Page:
window, she knew she was not alone in her rebellion against the Salon. “I
used to go and flatten my nose against that window and absorb all I could
of his art,” she once wrote to a friend. “It changed my life. I saw art
then as I wanted to see it.”
Following Degas’s invitation, Cassatt exhibited eleven of her
paintings with the Impressionists in 1879. The show was a tremendous
success commercially and critically, as were subsequent exhibitions in 1880
and 1881. By this time, she and Degas had become close friends whose strong
personalities frequently clashed but whose artistic sensibilities were
usually in accord.

Unlike many of the other Impressionists, who favored landscapes and
street scenes, Cassatt became famous for her charming portraits, primarily
of women in casual domestic surroundings. Nearly one-third of her work
depicted mothers with their children. Like her technique, her treatment of
this rather conventional subject matter was refreshingly different; as a
Newsweek writer observed, her mothers and children are “not the madonnas
and cherubs of the Renaissance or the adoring couples of conventional
portraiture.

They are, instead, two separate beings living in easy harmony.”
Commenting in American Artist, Gemma Newman noted that “her constant
objective was to achieve force, not sweetness; truth, not sentimentality or
romance.”
Not long after her first triumphs with the Impressionists, Cassatt
was forced to give up painting to care for her mother and sister, who fell
ill after moving to Paris in 1877. The sister died in 1882, but Mrs.

Cassatt regained her health so that her daughter was able to resume
painting by the mid-1880s.

As Cassatt’s style evolved, she began to move away from
Impressionism and its characteristic exuberance to a simpler, more
straightforward approach. After her last exhibition with the Impressionists
in 1886, she no longer identified herself with any particular movement or
school. She experimented with a variety of techniques and demonstrated a
versatility few of her contemporaries shared.

The 1890s became Cassatt’s busiest and most creative period and
marked her emergence as a role model for young American artists who came to
Europe seeking her advice about their studies. As the new century began
Cassatt shifted emphasis from her own work to that of others. She had long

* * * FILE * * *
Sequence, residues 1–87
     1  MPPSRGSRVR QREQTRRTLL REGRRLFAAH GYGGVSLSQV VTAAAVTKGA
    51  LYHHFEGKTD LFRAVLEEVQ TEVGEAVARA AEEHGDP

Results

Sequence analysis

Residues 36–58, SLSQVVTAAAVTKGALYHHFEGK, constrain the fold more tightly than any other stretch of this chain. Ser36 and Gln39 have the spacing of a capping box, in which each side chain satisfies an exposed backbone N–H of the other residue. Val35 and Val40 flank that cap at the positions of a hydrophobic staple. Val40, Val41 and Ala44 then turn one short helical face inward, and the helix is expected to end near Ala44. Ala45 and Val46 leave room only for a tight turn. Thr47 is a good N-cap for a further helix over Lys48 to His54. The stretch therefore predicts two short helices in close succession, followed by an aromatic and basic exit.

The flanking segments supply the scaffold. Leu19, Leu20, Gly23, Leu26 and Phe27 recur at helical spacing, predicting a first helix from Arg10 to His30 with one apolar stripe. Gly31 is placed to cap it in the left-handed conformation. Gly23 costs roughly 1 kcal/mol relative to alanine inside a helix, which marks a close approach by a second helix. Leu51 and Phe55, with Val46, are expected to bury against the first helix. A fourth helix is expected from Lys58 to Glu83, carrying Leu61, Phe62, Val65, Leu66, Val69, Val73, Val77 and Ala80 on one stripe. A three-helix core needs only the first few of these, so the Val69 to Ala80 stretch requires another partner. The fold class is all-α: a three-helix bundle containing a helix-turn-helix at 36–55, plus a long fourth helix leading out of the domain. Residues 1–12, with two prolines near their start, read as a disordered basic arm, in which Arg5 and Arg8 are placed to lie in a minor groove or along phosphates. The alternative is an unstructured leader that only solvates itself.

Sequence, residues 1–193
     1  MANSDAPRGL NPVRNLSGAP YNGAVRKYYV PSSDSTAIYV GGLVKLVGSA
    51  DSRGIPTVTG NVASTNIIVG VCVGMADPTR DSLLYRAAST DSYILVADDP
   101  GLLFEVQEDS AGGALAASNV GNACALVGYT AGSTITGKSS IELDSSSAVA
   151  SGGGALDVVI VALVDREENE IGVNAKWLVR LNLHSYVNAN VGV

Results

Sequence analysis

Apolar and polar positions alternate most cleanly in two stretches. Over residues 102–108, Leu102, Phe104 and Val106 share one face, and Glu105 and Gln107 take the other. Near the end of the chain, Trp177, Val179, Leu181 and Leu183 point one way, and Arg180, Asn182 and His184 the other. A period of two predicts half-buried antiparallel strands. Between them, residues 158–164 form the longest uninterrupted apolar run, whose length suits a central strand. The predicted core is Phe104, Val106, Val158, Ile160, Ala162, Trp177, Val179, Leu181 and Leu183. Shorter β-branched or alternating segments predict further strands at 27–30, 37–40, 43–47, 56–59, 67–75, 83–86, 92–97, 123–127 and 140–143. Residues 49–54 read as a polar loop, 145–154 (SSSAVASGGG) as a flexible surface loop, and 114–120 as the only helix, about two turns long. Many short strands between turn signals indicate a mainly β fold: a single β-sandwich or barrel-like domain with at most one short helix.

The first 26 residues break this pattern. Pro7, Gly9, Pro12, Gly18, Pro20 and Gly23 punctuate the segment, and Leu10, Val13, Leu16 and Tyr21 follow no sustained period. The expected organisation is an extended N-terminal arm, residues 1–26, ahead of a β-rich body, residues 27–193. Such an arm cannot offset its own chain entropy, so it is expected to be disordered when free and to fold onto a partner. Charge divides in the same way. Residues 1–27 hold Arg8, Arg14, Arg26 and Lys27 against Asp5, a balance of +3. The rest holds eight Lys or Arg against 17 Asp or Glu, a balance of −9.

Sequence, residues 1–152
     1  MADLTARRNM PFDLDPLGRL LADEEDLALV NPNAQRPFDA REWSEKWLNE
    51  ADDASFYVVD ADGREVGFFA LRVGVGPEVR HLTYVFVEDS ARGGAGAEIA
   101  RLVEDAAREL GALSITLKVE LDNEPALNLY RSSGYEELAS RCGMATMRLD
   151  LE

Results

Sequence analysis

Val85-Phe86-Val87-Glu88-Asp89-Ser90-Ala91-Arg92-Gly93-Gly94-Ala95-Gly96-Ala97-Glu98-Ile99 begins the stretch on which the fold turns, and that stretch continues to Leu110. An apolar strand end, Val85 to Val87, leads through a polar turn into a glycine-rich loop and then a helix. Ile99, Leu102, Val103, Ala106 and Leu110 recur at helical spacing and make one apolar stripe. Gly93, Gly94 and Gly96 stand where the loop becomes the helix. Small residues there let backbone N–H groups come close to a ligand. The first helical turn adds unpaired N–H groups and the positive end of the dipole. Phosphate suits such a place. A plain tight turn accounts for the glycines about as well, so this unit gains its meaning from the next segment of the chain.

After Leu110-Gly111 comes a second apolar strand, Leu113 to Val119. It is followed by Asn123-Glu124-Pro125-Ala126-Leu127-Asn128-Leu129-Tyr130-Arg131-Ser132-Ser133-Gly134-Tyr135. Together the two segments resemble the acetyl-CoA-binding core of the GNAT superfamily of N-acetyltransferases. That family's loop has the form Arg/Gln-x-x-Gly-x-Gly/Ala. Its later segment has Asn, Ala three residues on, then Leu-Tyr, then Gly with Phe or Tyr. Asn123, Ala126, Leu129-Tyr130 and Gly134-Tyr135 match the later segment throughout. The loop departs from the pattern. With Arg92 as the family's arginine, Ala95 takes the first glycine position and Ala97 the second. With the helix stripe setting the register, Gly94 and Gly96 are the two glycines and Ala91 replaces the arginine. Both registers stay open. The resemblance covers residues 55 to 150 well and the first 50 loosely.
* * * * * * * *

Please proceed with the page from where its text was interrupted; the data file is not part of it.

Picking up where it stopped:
championed her fellow Impressionists and rarely missed the chance to
encourage wealthy Americans to support the fledgling movement by purchasing
artwork. Now she tackled the role in earnest, serving as an advisor to
several major collectors. Cassatt’s only stipulation was that whatever they
purchased would eventually be passed along to American art museums.

In 1910, Cassatt accompanied her brother Gardner and his family on a
trip to Egypt. Overwhelmed by the magnificent ancient art she saw there,
she lost confidence in her abilities and the value of her own work; her
brother’s unexpected death from an illness he contracted during the journey
proved to be another devastating blow. The two events combined to affect
her physical and emotional health, and she was unable to paint until around
1912. By 1915, diabetes forced her to give up working entirely to preserve
what little vision she had left. Cassatt spent the remaining eleven years
of her life in almost total blindness, bitterly unhappy with the cruel
twist of fate that had taken away her greatest source of pleasure. She died
on June 14, 1926, at her beloved country home, Chateau de Beaufresne in
Mesnil-Theribus, France.

Her legacy is one of courage, independence, and talent that forever
guarantee her a place near the top of her profession. But to the artist
herself, who thought “perhaps” her paintings would survive her, her efforts
had been inadequate. “I have not done what I wanted to,” Cassatt remarked
toward the end of her life, “but I tried to make a good fight.”